Dear Miss Faith,
My 3 yo was really sick last week for about 5 days. During that period some of the rules were broken (like: she watched lots of cartoons… Drunk her chocolate milk with no breakfast… Etc). Now it’s very hard to bring her back to the “old regime”… She keeps saying that she is sick just because of the benefits she got. Any advice here?!…. Thanks!!!!
When your daughter says that she’s “sick” to try and get special treatment, what she’s looking for is that feeling of connection and being “special” that she got when she was under the weather. And you can give THAT to her, even if you don’t give her chocolate milk or let her watch cartoons! So instead of explaining that no, she’s not really sick, try “playing sick” with her instead. “Oh, no, you’re sick?! Come here, you poor little girl. I love you SO MUCH. Let me give you a THOUSAND snuggles.” Scoop her up and stroke her hair and rock her, pouring love onto her. She’ll probably love it for a moment and then want to get down. At that point you could let her down, or you could even carry the game a little farther: “Oh, no! You can’t get down, you’re sick! Let me keep taking care of you! Let me keep loving you! You can stay in my arms ALL DAY!” Really ham it up. This will be quite funny and likely she will finally tell you that she’s not really sick. You can pretend to be surprised, or you can pretend to be overjoyed: “My little girl is cured! Hooray!”
Obviously you won’t have time or space to play that game at every time (wanting chocolate milk at lunch, for example), but even there you could do a different version of it, by saying “yes” in your imagination: “You’re sick! Oh, no. A sick girl MUST have chocolate milk! Here you go!” And pretend to pour her some pretend chocolate milk. She will likely be disappointed that she’s not getting real chocolate milk, but you can say, “What? It’s not real? Let me taste it!” And pick up her cup and take a pretend sip quite loudly, then smack your lips. “Aaah! Yup! Tastes like chocolate milk to me!” Often kids will go for this and play pretend chocolate milk. If she really won’t go for it, then switch back to real life and be compassionate. “You’re remembering when you had real chocolate milk? That was lovely, wasn’t it? Wouldn’t it be nice if we could REALLY have chocolate milk every day?”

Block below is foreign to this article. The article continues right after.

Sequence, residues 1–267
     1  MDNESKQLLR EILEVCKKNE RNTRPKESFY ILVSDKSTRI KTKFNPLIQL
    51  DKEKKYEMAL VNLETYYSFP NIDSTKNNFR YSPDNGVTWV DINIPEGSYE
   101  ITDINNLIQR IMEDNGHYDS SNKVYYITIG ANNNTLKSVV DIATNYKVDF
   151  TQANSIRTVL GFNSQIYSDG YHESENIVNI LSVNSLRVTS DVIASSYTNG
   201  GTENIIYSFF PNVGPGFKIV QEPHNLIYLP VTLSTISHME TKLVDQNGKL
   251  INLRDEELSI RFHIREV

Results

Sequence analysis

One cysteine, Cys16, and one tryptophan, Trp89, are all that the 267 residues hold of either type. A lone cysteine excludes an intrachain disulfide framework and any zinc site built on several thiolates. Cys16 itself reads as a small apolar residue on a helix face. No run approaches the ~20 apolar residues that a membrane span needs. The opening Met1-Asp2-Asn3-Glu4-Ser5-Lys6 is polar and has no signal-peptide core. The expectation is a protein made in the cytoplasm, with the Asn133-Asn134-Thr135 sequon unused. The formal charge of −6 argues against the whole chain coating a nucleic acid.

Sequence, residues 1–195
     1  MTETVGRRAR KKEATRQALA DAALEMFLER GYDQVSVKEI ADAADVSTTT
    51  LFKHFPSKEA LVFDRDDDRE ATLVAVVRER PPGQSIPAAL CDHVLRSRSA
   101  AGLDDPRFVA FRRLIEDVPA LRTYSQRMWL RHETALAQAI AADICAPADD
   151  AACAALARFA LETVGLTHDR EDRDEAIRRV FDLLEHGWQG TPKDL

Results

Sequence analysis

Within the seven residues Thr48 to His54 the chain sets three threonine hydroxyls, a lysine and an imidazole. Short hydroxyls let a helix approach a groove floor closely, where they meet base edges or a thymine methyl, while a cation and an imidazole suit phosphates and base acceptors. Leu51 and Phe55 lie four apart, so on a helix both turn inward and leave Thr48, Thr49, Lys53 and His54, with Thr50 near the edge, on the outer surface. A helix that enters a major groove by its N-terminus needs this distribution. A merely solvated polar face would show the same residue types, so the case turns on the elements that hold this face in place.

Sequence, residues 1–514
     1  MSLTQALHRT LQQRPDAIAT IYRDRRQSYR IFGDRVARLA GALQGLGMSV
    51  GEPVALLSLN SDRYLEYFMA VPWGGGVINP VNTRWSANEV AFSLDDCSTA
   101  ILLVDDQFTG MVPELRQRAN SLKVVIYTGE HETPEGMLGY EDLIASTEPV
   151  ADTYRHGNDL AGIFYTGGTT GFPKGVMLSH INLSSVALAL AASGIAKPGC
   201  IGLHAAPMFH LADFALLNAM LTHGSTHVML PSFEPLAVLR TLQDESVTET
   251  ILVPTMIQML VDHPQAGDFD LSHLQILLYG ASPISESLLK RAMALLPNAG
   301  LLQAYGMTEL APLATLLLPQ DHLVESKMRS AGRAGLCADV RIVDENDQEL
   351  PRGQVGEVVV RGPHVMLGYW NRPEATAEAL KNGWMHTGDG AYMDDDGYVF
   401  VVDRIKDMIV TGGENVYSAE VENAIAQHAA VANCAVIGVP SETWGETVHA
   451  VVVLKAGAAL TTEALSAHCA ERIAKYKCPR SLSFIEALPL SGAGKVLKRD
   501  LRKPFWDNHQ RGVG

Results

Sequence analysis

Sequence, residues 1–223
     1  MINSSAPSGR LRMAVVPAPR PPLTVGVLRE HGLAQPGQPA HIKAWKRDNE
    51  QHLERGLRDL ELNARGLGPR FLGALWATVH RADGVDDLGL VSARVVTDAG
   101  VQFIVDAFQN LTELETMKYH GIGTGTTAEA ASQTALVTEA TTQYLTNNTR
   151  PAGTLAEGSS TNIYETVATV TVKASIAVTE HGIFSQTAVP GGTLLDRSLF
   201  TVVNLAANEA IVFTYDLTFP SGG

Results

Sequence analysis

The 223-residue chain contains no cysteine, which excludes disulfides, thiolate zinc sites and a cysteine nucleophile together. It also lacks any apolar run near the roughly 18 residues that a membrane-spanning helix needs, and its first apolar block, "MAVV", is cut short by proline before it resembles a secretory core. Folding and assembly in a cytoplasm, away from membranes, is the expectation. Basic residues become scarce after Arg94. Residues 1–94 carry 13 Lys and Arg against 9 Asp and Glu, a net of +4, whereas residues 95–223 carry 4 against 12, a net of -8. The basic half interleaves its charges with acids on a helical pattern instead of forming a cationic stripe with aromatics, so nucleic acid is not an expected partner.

If you respond to her efforts for special treatment by saying YES to her desire to connect with you and be your special girl, I think you might have a bit of fun together, without actually doing the things you did while she was actually sick.
Warmly, ~Miss Faith
P.S. This question and answer were from the last Tele-Class. The next Tele-Class is starting day after tomorrow! Join us! Click here for more info.